> When Fourier submitted his paper in 1807, the committee (which included Lagrange, Laplace, Malus and Legendre, among others) concluded: ...the manner in which the author arrives at these equations is not exempt of difficulties and [...] his analysis to integrate them still leaves something to be desired on the score of generality and even rigour.


I will comment on it from my point of view (theoretical CS PhD student):

> What's wrong with giving other researchers the ability to rate and comment on a paper.

I do not see nothing inherently bad with this (provided very good moderation tools are in place). However...

* > I would argue it works just as well a this journal reputation system *

As a journal reputation system, possibly; although I find that experts have often very different taste compared to say general Hacker News public -- for instance, machine learning has a very high "coolness factor" these days compared to other areas of computer science, but it would be unwise to make a system where a weaker paper on machine learning gets vastly more credit than a better paper on say approximation algorithms.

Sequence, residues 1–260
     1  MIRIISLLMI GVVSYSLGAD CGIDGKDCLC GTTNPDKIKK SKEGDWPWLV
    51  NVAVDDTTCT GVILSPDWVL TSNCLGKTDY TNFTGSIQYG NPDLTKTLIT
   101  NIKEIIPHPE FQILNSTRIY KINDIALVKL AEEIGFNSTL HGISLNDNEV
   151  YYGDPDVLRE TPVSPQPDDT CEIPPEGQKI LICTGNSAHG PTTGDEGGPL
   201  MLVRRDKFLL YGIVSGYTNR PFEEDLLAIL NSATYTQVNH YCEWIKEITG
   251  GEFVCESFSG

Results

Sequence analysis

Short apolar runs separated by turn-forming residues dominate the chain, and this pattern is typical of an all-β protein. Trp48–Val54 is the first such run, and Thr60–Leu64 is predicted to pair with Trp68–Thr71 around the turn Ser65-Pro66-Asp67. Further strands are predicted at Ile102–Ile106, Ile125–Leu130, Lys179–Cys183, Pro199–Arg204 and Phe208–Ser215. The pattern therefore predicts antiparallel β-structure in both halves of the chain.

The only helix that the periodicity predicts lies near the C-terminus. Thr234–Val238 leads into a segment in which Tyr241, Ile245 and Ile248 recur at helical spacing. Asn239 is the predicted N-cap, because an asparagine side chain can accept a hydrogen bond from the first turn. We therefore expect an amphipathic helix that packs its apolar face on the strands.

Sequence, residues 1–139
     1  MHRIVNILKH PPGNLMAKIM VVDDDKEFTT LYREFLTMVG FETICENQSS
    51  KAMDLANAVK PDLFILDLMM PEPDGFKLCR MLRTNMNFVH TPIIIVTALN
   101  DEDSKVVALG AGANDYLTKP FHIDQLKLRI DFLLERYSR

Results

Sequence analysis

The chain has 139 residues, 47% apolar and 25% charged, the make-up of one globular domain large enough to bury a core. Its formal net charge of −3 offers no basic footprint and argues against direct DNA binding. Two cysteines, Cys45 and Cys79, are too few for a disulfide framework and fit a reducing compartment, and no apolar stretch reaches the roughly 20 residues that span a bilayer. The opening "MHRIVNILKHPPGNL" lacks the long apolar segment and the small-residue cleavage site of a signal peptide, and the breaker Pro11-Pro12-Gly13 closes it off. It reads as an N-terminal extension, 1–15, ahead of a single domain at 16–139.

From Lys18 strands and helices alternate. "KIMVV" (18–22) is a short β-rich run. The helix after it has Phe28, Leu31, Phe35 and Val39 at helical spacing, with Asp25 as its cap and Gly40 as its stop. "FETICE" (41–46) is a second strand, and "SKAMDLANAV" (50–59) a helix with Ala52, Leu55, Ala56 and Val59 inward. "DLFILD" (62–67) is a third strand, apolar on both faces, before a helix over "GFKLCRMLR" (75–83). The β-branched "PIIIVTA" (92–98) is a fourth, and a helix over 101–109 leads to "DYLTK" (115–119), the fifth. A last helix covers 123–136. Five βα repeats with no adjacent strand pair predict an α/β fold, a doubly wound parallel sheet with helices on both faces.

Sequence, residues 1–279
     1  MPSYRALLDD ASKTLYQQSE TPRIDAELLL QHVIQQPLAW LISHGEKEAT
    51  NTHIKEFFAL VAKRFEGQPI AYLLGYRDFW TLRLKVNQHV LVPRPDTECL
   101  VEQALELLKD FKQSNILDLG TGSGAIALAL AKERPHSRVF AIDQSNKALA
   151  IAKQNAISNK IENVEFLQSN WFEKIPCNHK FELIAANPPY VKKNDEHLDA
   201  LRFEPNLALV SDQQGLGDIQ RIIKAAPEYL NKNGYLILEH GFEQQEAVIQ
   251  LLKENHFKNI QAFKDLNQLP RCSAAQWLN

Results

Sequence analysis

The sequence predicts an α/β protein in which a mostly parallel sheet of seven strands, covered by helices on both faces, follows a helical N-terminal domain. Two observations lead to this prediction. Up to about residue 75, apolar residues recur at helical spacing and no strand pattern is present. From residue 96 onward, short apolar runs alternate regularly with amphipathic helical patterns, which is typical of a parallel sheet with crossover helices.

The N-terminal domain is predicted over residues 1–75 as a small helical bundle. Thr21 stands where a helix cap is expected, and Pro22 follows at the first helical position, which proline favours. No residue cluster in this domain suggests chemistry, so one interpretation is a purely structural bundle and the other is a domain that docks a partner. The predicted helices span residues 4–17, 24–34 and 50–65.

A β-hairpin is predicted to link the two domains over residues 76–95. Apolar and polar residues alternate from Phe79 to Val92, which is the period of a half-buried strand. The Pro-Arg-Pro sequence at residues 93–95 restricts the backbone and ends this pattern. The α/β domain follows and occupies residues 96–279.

However, an important part of the journal submission process is the fact that the editors ask the members of the academic community for spending several days on the paper, noting major and minor details and checking the validity of the proof.

Since the reviewers do their work for free, there is no reason why there cannot be an open system that replicates the same process; still, just "adding a comment system to arXiv" will probably not be enough, as people spend rarely that much time on comments (15 minutes tops, not entire days).